Scotland have one of the best – certainly the most interesting – 10s in international rugby in Finn Russell.
They have a quality back-up in Adam Hastings who perhaps hasn’t quite realised his full and considerable potential yet.
This would normally be quite enough to be going on with. But after last year’s Autumn Nations Cup when both were injured in the same match, Gregor Townsend seems to think 10 is the new 3.
Former Scotland coach Vern Cotter always said that you could never have enough tight-head props. This is accepted coaching wisdom. Townsend, true to form, seems to think he needs as many 10s.
First Hogg, now Kinghorn
Not content with playing Stuart Hogg there against Italy in the Six Nations, Gregor has pulled another switcheroonie with Blair Kinghorn, who will start there against Tonga on Saturday. Off the back of only three games there even relatively recently.
The genesis of this switch will probably not be revealed. When I asked Gregor this week whether he’d been behind it, he deftly switched the praise to his erstwhile assistant Mike Blair, now head coach at Edinburgh.
“I think Mike has been a big driver of it,” he said. “Mike had obviously seen things at training and previous games. I think Blair maybe started one game (last season) against the Dragons.
“They thought he could do a good job there and that has carried on through the summer. Mike was the head coach when I was away in the summer and (Kinghorn) was going to start against England A and get opportunities in the summer to play there.”
He’s got a point
— United Rugby Championship (URC) (@URCOfficial) October 23, 2021
I’m probably getting much too suspicious here (not even probably) but the timeline doesn’t quite stack up. I think Townsend himself has been the driver of this. But he’s certainly not without a point.
Kinghorn was a 10 in schools rugby. As he grew into a 6ft 4in, 107kg (that’s 17 and three quarter stones) specimen with pace to burn you’d have thought this was a potentially devastating combo at the pivotal position.
Alan Solomons, Kinghorn’s first pro coach at Edinburgh, didn’t think so. Thus Blair ended up at 15 a lot and the wing often. Richard Cockerill, Solomons’ successor, seemed similarly minded and there Kinghorn stayed.
He has won 26 caps in those roles. But there’s a cab queue at the back three that’s getting ever longer.
Stuart Hogg isn’t going anywhere. Duhan van der Merwe scores for fun. Darcy, Rufus and Kyle Steyn have convinced Townsend not to call up Sean Maitland, Scotland’s most consistent scoring wing pre-Duhan and the best defender by far, this autumn.
The options a year ago
Perhaps Townsend realised something in the otherwise forgettable Autumn Nations Cup a year ago. With Russell and Hastings out, Scotland didn’t really go forward – literally or figuratively – with Duncan Weir and Jaco van der Walt at 10. They needed something else.
Hoggy was the first option. The Italy experiment went well – record Six Nations score, no less. But it only proved to me that the captain is a great natural footballer who is best as a 15.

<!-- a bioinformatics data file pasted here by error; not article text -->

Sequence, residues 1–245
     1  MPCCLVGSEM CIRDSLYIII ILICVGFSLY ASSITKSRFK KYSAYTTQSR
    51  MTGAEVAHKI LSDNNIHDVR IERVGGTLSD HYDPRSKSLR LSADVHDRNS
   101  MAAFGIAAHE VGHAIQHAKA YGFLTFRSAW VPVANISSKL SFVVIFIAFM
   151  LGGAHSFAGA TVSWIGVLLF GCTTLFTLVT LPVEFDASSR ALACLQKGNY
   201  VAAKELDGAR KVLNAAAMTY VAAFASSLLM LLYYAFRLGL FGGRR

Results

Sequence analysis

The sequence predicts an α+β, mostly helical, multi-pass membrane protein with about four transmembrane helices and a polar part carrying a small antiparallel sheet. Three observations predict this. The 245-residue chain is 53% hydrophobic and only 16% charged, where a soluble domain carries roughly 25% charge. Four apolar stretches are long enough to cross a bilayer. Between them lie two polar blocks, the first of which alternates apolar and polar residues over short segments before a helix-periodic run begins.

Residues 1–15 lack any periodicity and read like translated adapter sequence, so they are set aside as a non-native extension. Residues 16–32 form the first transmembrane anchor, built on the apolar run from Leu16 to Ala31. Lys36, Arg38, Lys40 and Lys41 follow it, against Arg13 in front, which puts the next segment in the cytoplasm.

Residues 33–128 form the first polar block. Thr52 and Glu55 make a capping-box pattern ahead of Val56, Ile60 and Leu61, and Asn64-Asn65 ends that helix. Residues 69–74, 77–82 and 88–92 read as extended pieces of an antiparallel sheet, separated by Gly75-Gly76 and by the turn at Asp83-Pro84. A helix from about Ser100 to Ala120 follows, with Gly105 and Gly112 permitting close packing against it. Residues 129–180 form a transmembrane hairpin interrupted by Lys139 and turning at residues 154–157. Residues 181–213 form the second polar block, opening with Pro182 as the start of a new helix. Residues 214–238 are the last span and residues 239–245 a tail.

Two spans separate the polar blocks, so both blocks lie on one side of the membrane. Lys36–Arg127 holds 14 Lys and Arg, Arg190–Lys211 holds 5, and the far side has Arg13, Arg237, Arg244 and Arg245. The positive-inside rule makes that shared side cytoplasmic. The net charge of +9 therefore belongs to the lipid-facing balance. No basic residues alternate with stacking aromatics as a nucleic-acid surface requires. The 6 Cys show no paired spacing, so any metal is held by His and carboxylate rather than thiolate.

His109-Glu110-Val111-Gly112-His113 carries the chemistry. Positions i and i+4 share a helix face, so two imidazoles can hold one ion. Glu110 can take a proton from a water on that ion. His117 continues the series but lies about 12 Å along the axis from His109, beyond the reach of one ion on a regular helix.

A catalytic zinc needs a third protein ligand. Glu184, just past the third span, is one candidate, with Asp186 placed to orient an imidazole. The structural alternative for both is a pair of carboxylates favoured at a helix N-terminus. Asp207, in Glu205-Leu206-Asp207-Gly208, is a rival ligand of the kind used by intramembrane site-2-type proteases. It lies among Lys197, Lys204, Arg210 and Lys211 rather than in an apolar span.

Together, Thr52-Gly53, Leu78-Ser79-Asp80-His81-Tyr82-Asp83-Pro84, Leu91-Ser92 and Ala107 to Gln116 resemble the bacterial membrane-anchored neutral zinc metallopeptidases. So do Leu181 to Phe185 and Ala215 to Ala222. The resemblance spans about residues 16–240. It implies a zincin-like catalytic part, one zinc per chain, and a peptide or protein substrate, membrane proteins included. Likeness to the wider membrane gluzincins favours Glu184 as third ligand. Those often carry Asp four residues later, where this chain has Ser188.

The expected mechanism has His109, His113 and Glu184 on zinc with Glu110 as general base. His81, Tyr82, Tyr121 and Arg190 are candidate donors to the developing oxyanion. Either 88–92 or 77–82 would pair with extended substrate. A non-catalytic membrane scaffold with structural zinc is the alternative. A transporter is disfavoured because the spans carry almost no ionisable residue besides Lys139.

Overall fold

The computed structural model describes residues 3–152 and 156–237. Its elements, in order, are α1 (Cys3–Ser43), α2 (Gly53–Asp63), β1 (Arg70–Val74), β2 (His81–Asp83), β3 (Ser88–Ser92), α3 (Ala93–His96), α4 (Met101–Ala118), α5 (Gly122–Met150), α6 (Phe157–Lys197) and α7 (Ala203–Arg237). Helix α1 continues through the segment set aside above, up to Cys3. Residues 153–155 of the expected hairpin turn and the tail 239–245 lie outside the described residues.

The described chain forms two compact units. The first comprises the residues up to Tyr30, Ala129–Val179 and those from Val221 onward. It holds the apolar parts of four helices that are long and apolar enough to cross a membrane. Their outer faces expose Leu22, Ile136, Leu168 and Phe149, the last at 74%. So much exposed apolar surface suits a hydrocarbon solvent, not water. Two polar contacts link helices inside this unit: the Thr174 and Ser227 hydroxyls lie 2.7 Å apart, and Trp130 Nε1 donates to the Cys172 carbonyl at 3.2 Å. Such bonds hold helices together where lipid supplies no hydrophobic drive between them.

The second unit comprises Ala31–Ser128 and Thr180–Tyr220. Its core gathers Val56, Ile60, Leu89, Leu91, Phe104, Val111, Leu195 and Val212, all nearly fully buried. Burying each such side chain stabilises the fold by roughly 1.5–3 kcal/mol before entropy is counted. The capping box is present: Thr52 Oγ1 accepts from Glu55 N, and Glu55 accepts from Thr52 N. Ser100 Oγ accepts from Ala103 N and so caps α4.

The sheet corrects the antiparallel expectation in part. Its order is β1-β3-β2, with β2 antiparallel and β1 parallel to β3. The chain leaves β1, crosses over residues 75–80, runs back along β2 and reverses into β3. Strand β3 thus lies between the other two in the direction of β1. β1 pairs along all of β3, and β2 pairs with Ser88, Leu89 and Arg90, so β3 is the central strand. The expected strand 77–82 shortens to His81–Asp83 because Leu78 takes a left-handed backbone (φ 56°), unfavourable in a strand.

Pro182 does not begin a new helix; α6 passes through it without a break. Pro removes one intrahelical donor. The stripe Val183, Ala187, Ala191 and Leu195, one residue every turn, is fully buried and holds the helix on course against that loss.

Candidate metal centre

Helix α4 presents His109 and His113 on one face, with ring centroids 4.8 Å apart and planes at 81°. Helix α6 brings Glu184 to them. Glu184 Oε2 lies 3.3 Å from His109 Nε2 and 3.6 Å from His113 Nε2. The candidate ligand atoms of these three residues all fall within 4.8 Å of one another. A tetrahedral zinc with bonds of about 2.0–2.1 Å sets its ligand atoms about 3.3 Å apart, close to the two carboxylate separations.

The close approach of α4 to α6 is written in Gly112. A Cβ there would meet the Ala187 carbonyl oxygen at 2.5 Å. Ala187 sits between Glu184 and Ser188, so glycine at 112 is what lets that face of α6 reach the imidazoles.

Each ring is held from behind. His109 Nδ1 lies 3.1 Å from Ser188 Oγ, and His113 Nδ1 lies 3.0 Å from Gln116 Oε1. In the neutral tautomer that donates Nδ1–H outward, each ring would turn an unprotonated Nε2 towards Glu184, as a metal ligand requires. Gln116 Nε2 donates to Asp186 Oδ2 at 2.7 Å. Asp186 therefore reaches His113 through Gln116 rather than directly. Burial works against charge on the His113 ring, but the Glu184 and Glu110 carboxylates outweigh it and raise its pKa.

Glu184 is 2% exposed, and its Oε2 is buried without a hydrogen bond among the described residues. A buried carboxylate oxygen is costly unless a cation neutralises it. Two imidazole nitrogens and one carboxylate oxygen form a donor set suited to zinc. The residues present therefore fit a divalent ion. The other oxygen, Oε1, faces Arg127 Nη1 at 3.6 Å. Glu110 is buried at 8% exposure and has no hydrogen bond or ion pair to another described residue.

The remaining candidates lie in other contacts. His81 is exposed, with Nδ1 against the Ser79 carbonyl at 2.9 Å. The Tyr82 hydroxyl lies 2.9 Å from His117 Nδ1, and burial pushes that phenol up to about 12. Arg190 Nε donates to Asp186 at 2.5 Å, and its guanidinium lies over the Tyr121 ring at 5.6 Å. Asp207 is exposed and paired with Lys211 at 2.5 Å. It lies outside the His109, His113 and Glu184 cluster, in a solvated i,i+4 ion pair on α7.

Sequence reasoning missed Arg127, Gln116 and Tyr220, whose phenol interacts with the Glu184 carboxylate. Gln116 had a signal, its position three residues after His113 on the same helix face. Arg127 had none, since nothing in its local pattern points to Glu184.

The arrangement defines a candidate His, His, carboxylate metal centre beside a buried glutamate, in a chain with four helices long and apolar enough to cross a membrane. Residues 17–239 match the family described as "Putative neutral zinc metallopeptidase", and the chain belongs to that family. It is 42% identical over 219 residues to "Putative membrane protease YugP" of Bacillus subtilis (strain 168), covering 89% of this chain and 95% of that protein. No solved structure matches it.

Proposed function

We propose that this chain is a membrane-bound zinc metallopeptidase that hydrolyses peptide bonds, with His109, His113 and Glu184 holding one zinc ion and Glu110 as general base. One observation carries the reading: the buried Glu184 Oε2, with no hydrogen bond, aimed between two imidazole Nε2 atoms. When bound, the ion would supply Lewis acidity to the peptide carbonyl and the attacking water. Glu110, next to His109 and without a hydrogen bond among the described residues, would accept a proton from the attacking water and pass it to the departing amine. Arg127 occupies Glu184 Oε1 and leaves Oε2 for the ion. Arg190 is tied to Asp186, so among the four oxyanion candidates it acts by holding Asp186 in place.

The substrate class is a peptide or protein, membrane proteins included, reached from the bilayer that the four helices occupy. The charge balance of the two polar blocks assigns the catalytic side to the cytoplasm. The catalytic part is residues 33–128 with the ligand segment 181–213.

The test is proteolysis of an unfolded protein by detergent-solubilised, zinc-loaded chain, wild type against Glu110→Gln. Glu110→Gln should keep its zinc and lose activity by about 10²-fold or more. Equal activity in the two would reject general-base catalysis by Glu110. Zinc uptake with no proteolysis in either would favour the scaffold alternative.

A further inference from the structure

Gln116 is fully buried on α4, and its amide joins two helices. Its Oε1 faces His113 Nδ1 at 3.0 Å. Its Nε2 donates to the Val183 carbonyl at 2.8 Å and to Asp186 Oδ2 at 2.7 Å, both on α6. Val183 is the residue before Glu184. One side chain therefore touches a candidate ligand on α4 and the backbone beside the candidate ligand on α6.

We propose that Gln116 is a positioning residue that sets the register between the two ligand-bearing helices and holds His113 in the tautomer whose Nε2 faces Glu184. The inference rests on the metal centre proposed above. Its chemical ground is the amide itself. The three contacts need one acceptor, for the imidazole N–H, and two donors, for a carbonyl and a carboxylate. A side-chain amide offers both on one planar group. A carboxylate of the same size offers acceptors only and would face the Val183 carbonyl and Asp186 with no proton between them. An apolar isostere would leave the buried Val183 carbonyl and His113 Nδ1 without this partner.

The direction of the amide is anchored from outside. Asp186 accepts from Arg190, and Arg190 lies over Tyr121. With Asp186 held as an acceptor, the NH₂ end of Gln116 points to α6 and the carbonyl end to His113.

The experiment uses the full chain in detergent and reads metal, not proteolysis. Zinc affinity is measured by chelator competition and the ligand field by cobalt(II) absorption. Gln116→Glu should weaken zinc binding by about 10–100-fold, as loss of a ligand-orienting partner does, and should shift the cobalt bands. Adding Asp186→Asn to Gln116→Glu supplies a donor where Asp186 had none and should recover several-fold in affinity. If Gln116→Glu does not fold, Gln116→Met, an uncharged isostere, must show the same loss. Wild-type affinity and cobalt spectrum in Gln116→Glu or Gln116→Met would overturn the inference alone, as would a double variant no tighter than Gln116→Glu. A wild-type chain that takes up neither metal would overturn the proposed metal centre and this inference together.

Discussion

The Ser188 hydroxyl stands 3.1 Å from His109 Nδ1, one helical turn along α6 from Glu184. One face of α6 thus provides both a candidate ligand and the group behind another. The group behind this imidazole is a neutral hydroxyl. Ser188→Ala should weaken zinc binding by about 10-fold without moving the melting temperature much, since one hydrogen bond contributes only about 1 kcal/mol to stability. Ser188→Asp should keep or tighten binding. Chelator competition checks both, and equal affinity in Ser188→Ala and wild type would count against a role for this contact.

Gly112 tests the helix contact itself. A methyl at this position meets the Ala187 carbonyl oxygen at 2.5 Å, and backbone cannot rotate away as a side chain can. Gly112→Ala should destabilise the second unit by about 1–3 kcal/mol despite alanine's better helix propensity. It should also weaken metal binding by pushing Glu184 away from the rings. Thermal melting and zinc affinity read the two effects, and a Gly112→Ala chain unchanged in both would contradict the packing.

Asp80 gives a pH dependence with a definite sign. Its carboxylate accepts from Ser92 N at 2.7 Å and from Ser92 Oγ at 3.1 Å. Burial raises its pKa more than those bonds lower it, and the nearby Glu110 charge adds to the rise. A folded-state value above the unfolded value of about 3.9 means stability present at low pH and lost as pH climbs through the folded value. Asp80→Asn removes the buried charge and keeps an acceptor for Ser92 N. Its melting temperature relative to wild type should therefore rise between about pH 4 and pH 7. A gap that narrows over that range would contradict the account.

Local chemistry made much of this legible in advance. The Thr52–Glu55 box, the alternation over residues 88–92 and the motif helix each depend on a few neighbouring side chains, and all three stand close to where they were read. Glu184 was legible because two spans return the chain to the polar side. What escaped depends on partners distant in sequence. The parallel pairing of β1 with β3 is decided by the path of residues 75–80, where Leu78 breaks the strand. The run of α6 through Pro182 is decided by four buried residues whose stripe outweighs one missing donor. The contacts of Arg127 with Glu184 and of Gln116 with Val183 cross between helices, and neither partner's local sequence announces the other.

The same may happen with Kinghorn. Kicking and defending at 10 are little issues that will have to be worked out on the hoof.
But from what I’ve seen his distribution is excellent – wasted at 15, to be honest. And he’s going to be quick and physically forceful into gaps against opposition 10s and 12s not quite his size.
This is an experiment well worth trying, no matter whose idea it was.
Schoeman the committed ‘project player’
— Pierre Schoeman (@pierraSCHOEMIES) October 27, 2021
Pierre Schoeman is actually the only recent “project player” – maybe since WP Nel – who we were always certain would end up in a Scotland shirt.
Jaco van der Walt and Duhan van der Merwe did their residencies. But van der Walt was always a stretch to be a regular Scotland player – still is – and Duhan was a surprise.
Few thought he’d develop into what he is now. French super club Montpellier – where he was before Edinburgh – certainly didn’t think so.
But it was always clear that Schoeman would do his residency and probably play for Scotland. Only it was supposed to be five years by virtue of World Rugby’s rule change.
For Covid reasons that were not entirely unconnected to Gus Pichot’s ousting from the World Rugby hierarchy – he being the man who insisted on five years’ residency instead of three – the rule changed back.
Schoeman was always prepared to wait however long it took. I don’t think we can underestimate his desire to play rugby for his adopted country.
Behind Madagascar’s player base
This is what I generally think about “project players” and “imports”. If their commitment is certain, then why not?
As we never tire of pointing out here, Scotland is 13th on the list of countries’ registered senior men’s players. Behind Malaysia and Madagascar, among others.
Unlike some ex-players – who were perfectly happy to have “imports” in their teams when the regulations were wild west standard – and some curious others, I have no issue with topping up the Scottish player pool in whatever ways the laws allow.
Other countries don’t seem to have a sniff of an issue about this. Australia, our visitors next week, even England with the biggest player base in the game, have no qualms.
We lost three tests to Covid in the summer. They could have ticked off 10 new names at least in those. Sione Tuipulotu, Rufus McLean (born in Boston), and Marshall Sykes (Woodbridge in Suffolk) can be “marked” this weekend.
I see no evidence whatsoever that talented Scots are being denied their chances due to this. The more, the merrier.